"Much of what twenty-first century culture tells Black girls is not pretty: ...Don't have an opinion; don't dream big. And most of all, don't love yourself. In response to such destructive ideas, internationally recognized poet Mahogany Browne challenges the conditioning of society by crafting an anthem of strength and magic undeniable in its bloom for all beautiful Black girls".--publisher.
Child nonfiction book. "Historically poets have been on the forefront of social movements. Woke is a collection of poems by women that reflects the joy and passion in the fight for social justice, tackling topics from discrimination to empathy, and acceptance to speaking out.“ Age: 8-11.
Although the shortest student in his class, thirteen-year-old Baron Braun calls upon the strength and wisdom of his Mohawk ancestors to face both man and beast when he tries to get help for his classmates, who are being terrorized during a school field trip in the Adirondacks.
Child fiction book. Although the littlest student in his class, thirteen-year-old Baron Braun calls upon the strength and wisdom of his Mohawk ancestors to face both man and beast when he tries to get help for his classmates, who are being terrorized during a school field trip in the Adirondacks. Age: 10-13.
Child nonfiction. “As a boy, Chester Nez was taught his native language and culture were useless, but he was later called on to use his Navajo language to help create an unbreakable military code during WWII"-- Provided by publisher. Age: 8-11.
Child audiobook on cd. A story based on the life of the dedicated young Lakota boy who grew up to be one of the bravest defenders of his people. Age: 5-11.
Child fiction book. Although he is uncertain why his father is so angry and what secret his mother is keeping from him, eleven-year-old Sonny knows that he is different from his classmates in their small New York town. Age: 9-12.
E-book. Uses drama to tell seven different stories from Native American traditions including the Abenaki, Ojibway, Cherokee, Cheyenne, Snohomish, Tlingit, and Zuni. Age: 7-11.
Child fiction book, and e-book. Part of the “My Name is America” series. Alternate title: On This Long Journey. Jesse Smoke, a sixteen-year-old Cherokee, begins a journal in 1837 to record stories of his people and their difficulties as they face removal along the Trail of Tears. Includes a historical note giving details of the removal. Age: 9+
Child fiction book, and e-audiobook. As the French and Indian War rages in October of 1759, Saxso, a fourteen-year-old Abenaki boy, pursues the English rangers who have attacked his village and taken his mother and sisters hostage. Age: 10+
Child fiction book. As the French and Indian War rages in October of 1759, Saxso, a fourteen-year-old Abenaki boy, pursues the English rangers who have attacked his village and taken his mother and sisters hostage. Grade: 5+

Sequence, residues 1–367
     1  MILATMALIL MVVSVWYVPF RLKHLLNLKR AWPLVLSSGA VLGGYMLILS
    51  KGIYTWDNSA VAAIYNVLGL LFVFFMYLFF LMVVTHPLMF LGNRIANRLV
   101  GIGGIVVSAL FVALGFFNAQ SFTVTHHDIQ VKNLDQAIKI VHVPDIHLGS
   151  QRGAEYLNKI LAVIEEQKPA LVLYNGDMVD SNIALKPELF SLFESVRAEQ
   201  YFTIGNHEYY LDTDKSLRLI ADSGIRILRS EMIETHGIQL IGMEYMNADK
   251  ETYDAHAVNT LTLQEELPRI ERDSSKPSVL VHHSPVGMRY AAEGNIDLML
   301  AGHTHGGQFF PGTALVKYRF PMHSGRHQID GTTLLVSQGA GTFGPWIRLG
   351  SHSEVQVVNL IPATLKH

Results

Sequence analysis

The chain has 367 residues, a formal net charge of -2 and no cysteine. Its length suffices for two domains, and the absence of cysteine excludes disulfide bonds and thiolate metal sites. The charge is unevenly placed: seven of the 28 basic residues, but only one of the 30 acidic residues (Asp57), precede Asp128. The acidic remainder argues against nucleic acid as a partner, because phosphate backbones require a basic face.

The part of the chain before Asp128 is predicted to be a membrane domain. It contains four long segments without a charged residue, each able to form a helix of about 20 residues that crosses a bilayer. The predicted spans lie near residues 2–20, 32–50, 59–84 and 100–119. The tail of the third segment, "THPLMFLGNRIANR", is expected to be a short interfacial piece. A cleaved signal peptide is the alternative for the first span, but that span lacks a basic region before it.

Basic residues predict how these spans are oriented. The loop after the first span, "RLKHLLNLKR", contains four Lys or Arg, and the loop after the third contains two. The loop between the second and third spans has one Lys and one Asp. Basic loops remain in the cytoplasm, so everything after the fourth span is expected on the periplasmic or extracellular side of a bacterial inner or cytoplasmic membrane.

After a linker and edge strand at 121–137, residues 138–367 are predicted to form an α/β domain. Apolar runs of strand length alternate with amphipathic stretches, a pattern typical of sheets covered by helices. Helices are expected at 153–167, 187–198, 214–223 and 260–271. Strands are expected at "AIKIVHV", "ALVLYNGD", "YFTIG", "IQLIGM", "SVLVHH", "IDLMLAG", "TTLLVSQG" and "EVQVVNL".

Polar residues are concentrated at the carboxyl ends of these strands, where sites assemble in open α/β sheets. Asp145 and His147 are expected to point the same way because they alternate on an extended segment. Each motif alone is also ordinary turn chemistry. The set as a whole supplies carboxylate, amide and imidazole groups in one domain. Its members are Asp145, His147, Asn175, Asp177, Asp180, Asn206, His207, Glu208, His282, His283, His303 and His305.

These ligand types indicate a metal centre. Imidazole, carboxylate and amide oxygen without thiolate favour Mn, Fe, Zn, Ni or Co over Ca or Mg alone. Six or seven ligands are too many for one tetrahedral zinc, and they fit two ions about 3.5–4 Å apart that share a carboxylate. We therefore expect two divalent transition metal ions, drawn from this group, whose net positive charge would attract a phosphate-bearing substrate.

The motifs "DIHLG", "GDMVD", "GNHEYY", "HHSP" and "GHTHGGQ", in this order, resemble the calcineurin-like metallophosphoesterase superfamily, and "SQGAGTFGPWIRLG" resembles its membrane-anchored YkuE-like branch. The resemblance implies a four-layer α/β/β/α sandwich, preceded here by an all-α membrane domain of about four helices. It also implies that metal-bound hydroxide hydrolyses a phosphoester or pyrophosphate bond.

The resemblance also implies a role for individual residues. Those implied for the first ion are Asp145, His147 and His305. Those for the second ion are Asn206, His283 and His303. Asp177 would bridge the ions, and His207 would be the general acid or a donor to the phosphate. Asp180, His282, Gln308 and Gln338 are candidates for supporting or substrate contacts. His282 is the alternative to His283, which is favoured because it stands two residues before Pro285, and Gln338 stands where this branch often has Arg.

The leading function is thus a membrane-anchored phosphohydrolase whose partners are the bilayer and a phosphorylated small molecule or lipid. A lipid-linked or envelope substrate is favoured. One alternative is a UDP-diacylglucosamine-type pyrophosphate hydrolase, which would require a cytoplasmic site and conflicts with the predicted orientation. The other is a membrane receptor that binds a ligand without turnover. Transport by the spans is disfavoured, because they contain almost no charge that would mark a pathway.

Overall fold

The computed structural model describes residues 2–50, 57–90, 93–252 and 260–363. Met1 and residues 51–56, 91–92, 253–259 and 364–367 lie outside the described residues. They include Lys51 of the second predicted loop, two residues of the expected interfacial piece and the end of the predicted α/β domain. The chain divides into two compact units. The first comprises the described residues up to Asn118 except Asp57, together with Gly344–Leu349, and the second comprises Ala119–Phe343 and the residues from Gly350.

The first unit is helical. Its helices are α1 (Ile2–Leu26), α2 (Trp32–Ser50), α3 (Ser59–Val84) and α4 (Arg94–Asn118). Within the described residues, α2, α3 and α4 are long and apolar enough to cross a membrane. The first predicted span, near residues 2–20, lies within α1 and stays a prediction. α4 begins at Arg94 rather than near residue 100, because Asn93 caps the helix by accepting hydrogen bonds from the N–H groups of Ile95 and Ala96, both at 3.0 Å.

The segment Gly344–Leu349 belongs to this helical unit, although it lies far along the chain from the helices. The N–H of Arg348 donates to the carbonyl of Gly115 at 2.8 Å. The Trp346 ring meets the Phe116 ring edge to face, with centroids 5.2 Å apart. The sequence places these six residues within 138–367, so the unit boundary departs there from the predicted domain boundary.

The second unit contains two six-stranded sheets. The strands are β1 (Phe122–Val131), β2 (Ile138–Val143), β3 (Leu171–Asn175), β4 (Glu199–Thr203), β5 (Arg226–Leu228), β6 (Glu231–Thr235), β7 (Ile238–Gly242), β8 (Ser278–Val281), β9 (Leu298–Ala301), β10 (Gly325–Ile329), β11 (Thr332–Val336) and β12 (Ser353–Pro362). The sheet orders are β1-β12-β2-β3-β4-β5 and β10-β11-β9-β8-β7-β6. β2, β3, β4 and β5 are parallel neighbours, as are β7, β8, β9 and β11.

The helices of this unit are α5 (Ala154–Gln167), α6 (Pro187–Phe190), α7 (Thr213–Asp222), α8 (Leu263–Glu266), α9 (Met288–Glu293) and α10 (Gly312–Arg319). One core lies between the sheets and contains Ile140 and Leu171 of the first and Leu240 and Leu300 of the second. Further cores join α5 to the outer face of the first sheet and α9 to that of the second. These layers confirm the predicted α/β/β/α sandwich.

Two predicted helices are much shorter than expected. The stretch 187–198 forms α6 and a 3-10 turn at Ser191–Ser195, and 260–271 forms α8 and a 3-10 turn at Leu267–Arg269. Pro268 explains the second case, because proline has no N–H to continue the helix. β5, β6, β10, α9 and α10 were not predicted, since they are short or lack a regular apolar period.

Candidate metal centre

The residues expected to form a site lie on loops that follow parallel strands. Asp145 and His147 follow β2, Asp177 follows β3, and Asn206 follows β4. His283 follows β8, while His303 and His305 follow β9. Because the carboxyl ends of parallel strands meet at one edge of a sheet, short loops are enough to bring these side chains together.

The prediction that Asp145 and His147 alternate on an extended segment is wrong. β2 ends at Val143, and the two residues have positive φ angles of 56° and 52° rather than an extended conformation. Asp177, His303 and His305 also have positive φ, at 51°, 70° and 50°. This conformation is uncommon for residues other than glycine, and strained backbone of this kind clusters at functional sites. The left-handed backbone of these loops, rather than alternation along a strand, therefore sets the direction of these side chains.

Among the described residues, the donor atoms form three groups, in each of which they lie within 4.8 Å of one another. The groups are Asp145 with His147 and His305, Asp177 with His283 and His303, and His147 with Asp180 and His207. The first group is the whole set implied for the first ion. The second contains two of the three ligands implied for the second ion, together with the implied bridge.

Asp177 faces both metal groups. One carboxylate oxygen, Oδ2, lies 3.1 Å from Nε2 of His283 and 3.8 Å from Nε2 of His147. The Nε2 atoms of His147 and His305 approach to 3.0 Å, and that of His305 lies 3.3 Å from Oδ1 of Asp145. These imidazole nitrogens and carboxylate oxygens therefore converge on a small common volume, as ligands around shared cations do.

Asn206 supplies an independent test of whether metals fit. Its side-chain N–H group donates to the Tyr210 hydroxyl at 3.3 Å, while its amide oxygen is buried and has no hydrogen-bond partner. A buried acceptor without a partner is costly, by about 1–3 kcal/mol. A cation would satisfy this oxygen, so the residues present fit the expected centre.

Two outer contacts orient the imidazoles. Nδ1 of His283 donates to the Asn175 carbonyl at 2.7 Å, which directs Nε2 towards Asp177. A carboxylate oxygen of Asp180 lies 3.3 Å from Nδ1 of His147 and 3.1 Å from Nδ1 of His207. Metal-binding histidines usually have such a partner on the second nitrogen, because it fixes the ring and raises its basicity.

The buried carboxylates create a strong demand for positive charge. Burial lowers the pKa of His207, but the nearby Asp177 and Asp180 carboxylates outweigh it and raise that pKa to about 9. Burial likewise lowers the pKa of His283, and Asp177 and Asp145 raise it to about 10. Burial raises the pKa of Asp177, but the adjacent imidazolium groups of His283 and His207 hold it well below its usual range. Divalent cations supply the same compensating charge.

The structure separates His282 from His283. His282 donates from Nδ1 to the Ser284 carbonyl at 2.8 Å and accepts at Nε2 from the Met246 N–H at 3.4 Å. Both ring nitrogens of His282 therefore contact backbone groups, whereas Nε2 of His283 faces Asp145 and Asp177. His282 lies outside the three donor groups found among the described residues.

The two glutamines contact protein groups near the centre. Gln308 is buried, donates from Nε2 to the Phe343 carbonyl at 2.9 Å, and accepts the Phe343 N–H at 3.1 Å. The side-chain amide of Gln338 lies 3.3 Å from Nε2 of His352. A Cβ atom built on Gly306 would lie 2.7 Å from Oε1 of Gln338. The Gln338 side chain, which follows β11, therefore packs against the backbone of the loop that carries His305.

Child nonfiction book. “Celebrates the seasons of the year through poems from the legends of such Native American tribes as the Cherokee, Cree, and Sioux.“ —from Follett. Age: 5-10.
Child nonfiction book. When Beaver challenges Turtle to a swimming race for ownership of the pond, Turtle outsmarts Beaver, and Beaver learns to share. Age: 3-8.
Child fiction book, and e-book. After falling in love with an Abenaki Indian woman, a white great horned owl named Wabi transforms into a human being and has several trials and adventures while learning to adapt to his new life. Age: 10+
Child fiction book. An ancient and terrifying Narragansett Native American legend begins to come true for a teenage long-distance runner, whose recovery from the accident that killed her parents has stunned everyone, including her guardian aunt in Providence, Rhode Island. Age: 10+
"Year after year, high school seniors open rejection letters that destroy their confidence and lead them to believe they have failed at one of life's most critical junctures—something that has happened in so many American households with college-bound kids. While there are countless books teaching people how to identify and get into the colleges of their dreams, there's a deep need for dialogue questioning the intensity of those dreams, emphasizing that the college admissions moment isn't the most important in a lifetime, illustrating that college is what a student makes of it, and exhorting people to look at it in a different, less status-oriented way. Expanding on an April 2014 column titled, "Our Crazy College Crossroads"—which went viral, generated numerous emails to Bruni, and topped the "most viewed" and "most emailed" categories of the New York Times for days—Where You Go Is Not Who You'll Be is the manifesto that puts the college admissions process into desperately needed perspective. It not only dissects the limited meaning of a rigged and sometimes random admissions process, it also discusses many of the hugely successful Americans who didn't go to Ivy League schools. It sketches profiles of young adults who were denied their dream colleges but found that the schools where they ended up were perfect for them, making the case that the attitude with which a student approaches college matters more than the college itself. It presents data and expert opinions that question the advantages of diplomas from Ivy League schools (and their ilk) and looks at the abundance of fantastic schools—and fantastic programs—outside the few dozen elite institutions that parents focus relentlessly on. All the while, Bruni weaves in larger life lessons—that setbacks can be springboards, that the wisest course isn't always the most obvious one—that make this book a corrective tool and a balm not just for high school graduates eyeing the horizon. Where You Go Is Not Who You'll Be serves as a thought-provoking antidote, an impassioned rallying cry, and a poignant retort to aspirational thinking."
Child nonfiction book. In a story of the Ila people, the colorful birds of Africa ask Blackbird, whom they think is the most beautiful of birds, to decorate them with some of his "blackening brew. Age: 7-11.
Child nonfiction book, e-book, and DVD. "Using original slave auction and plantation estate documents, contrasts the monetary value of a slave with the priceless value of life experiences and dreams that a slave owner could never take away."-- Provided by publisher. Age: 9+
Child nonfiction book, e-book, and e-audiobook. Artist Ashley Bryan's experience as a Black soldier in the segregated army of WWII.” —Provided by publisher. Age: 9-11.